Aerobic capacity explains physical functioning and participation in patients with multiple sclerosis-related fatigue
Emma Rosalie Driehuis, Lizanne Eva van den Akker, Vincent de Groot, Heleen Beckerman
Faculty of Medicine, VU University Medical Center, The Netherlands
Objective: To investigate whether aerobic capacity explains the level of self-reported physical activity, physical functioning, and participation and autonomy in daily living in persons with multiple sclerosis-related fatigue.
Design: A cross-sectional study.
Patients: Sixty-two participants with multiple sclerosis-related fatigue.
Methods: Aerobic capacity was measured with a leg ergometer and was expressed as maximal oxygen uptake (VO2max, in ml/kg/min). Physical activity was measured with the Physical Activity Scale for Individuals with Physical Disabilities (PASIPD), physical functioning with the Short Form 36 – physical functioning (SF36-pf), and participation and autonomy in daily living with the Impact on Participation and Autonomy questionnaire (IPA). Multiple regression analyses were performed, adjusted for potential confounders (gender, age, body mass index, educational level, and employment status).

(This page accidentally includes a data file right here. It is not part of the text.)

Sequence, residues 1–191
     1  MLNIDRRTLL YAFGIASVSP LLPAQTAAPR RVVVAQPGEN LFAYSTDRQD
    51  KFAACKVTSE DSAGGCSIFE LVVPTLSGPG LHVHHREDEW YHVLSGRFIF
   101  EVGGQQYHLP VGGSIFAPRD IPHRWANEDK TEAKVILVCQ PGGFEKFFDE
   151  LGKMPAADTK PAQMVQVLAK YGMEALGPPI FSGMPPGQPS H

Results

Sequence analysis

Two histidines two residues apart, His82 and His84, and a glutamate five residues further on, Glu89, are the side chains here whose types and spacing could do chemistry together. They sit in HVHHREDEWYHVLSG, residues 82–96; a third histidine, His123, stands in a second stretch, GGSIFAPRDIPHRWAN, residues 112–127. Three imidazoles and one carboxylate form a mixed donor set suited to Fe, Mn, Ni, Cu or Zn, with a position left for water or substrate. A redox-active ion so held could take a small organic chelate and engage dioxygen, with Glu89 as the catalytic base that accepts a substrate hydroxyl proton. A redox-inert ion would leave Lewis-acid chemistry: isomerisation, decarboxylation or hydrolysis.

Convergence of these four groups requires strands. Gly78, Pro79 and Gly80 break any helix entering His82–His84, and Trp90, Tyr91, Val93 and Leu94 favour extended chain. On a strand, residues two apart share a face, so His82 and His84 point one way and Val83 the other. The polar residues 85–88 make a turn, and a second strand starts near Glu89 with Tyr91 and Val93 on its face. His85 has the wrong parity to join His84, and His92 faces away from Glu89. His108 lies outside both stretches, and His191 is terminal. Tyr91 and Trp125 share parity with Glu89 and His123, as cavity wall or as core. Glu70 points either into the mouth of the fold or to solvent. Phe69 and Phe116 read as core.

Results: Mean maximal oxygen uptake (VO2max) was 23.9 ml/kg/min (standard deviation (SD) 6.3 ml/kg/min). There was no significant relationship between VO2max and physical activity (PASIPD): β = 0.320, 95% confidence interval (95% CI) = –0.109 to 0.749, R2 = 10.8%. Higher VO2max correlated with better physical functioning (SF36-pf): β = 1.527, 95% CI = 0.820–2.234, R2 = 25.9%, and was significantly related to IPA domains “autonomy indoors” (β = –0.043, 95% CI = –0.067 to –0.020, R2 = 20.6%), “autonomy outdoors” (β = –0.037, 95% CI = –0.062 to –0.012, R2 = 18.2%) and “social life and relationships” (β=–0.033, 95% CI = –0.060 to –0.007, R2 = 21.3%).
Conclusion: Maximum aerobic capacity was severely reduced in persons with multiple sclerosis-related fatigue. This partly explains the limited physical functioning and restrictions in participation and autonomy indoors, outdoors and in social life and relationships in these persons.
This study shows that aerobic fitness (i.e. the maximal amount of oxygen a person is able to use during physical activity) is severely reduced in persons with multiple sclerosis (MS) relative to healthy people of the same age and gender. Furthermore, persons with MS who were less fit experienced more limitations in physical functioning, and restrictions in participation and autonomy indoors and outdoors, as well as in social life and relationships.